China’s development has provided its people with basic needs, and the next step will be to improve their quality of life, the new premier said at a press conference.


The Ministry of Science and Technology (MoST) reform includes better resource allocation to address challenges in core technologies and move faster towards greater self-reliance in sci and tech.

China’s national legislature has approved a reform plan for the State Council’s institutions, which includes restructuring the Ministry of Science and Technology, establishing a national data bureau, reforming intellectual property administration, and other initiatives.

China’s development has provided its people with basic needs, and the next step will be to improve their quality of life, the new premier said at a press conference following the conclusion of the first session of the 14th National People’s Congress (NPC). Promoting high-quality development is one of China’s priorities, as stated by Chinese Premier Li Qiang on Monday.

According to Li, the development will be focused on improving technological innovation capabilities, constructing a modern industrial system, and promoting the green transition of development methods. Xiao Jie, State Councilor and Secretary-General of the State Council, stated at the first session of the 14th NPC that science and technology innovation are critical to China’s modernization efforts.

Faced with international competition in science and technology, as well as external containment and suppression, China needs to improve its leadership and management system for science and technology-related work, according to Xiao.

A number of existing ministry-subordinate functions and agencies will be transferred to other governmental bodies. “After the adjustment, the ministry’s functions will be more centrally organised, allowing it to play a larger role in macromanagement,” Xue Lan, dean of Schwarzman Scholars at Tsinghua University, told China Newsweek.

The ministry will continue to manage the National Natural Science Foundation, which is in charge of basic research, basic infrastructure, and major projects, as well as addressing technological bottlenecks that require mobilisation of national resources, he added. The restructured ministry will serve as the working body of a newly established central science and technology commission as part of the reform.

The commission will be established to “better unify, coordinate, and mobilise various sectors,” according to Hong Xianghua, a professor at the CPC Party School, in an interview with China Media Group.

“It will play an important role in realising China’s self-reliance in science and technology, as well as in pooling resources to achieve breakthroughs in key technologies under the leadership of the Communist Party of China (CPC),” he said.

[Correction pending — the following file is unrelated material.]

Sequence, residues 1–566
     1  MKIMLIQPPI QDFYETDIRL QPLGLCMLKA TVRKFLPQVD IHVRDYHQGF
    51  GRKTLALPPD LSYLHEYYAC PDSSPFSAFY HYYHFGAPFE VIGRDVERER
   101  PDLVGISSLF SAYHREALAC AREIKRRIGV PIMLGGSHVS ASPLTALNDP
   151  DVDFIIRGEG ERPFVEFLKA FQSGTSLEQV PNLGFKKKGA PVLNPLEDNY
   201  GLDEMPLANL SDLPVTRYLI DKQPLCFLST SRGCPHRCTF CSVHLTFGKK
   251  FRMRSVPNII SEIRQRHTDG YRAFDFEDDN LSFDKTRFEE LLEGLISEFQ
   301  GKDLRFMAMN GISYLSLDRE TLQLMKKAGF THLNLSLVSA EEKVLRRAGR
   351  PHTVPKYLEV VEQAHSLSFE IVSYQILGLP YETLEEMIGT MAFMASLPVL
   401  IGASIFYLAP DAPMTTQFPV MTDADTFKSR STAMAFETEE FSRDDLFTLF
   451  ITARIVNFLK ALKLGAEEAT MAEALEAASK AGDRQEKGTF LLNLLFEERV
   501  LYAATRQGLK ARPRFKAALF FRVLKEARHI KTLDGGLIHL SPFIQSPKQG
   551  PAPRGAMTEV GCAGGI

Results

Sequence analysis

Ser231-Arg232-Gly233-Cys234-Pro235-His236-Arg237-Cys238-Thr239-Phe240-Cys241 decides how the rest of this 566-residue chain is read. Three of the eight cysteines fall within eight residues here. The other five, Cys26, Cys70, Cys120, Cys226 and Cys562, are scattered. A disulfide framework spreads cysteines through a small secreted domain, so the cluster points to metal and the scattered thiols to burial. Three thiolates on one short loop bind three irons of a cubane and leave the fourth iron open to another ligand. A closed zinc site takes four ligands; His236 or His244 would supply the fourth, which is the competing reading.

Another significant step in the reform plan will be the establishment by China of a national data bureau. The bureau will be in charge of, among other things, advancing the development of data-related fundamental institutions, coordinating the integration, sharing, development, and application of data resources, and advancing the planning and construction of a digital China, a digital economy, and a digital society.

Duan Haixin, a professor at Tsinghua University’s Institute for Network Sciences and Cyberspace, believes the bureau will improve data management and governance efficiency by coordinating and developing data exchange standards.

According to a digital development plan released on February 27, China aims to make important progress in constructing a digital China by 2025 and rank among the top nations in digital development by 2035.

The bureau will promote innovation in data application and industrial development, such as big data, artificial intelligence (AI), and the Internet of Things.

Data security is an important issue in the digital age, and the bureau can provide stronger protection for data security to prevent leakage and abuse. The action can further promote the construction of a global data governance system for services related to global data security and governance.

China will improve the management mechanism for intellectual property rights (IPR) to upgrade IPR creation, application, protection, and management.

The China National Intellectual Property Administration (CNIPA) will be adjusted into an institution directly under the State Council to focus more on improving the quality of granted patents and trademarks to promote innovation and high-quality development.

China rolled out a plan for IPR protection in September 2021 to increase its intellectual property competitiveness and be among the top nations by 2035. China reportedly held the top spot in the world for the volume of international patent applications in 2022, filing over 70,000 applications for patent protection under its Patent Cooperation Treaty.

The national strategy to achieve self-reliance in sci and tech, against the backdrop of significant opportunities in the new scientific and technological revolution and intensified geopolitical external challenges, is served by all of these adjustments, from the reorganization of the Ministry of Science and Technology to the creation of the national data bureau and the upgraded position of CNIPA, according to a statement.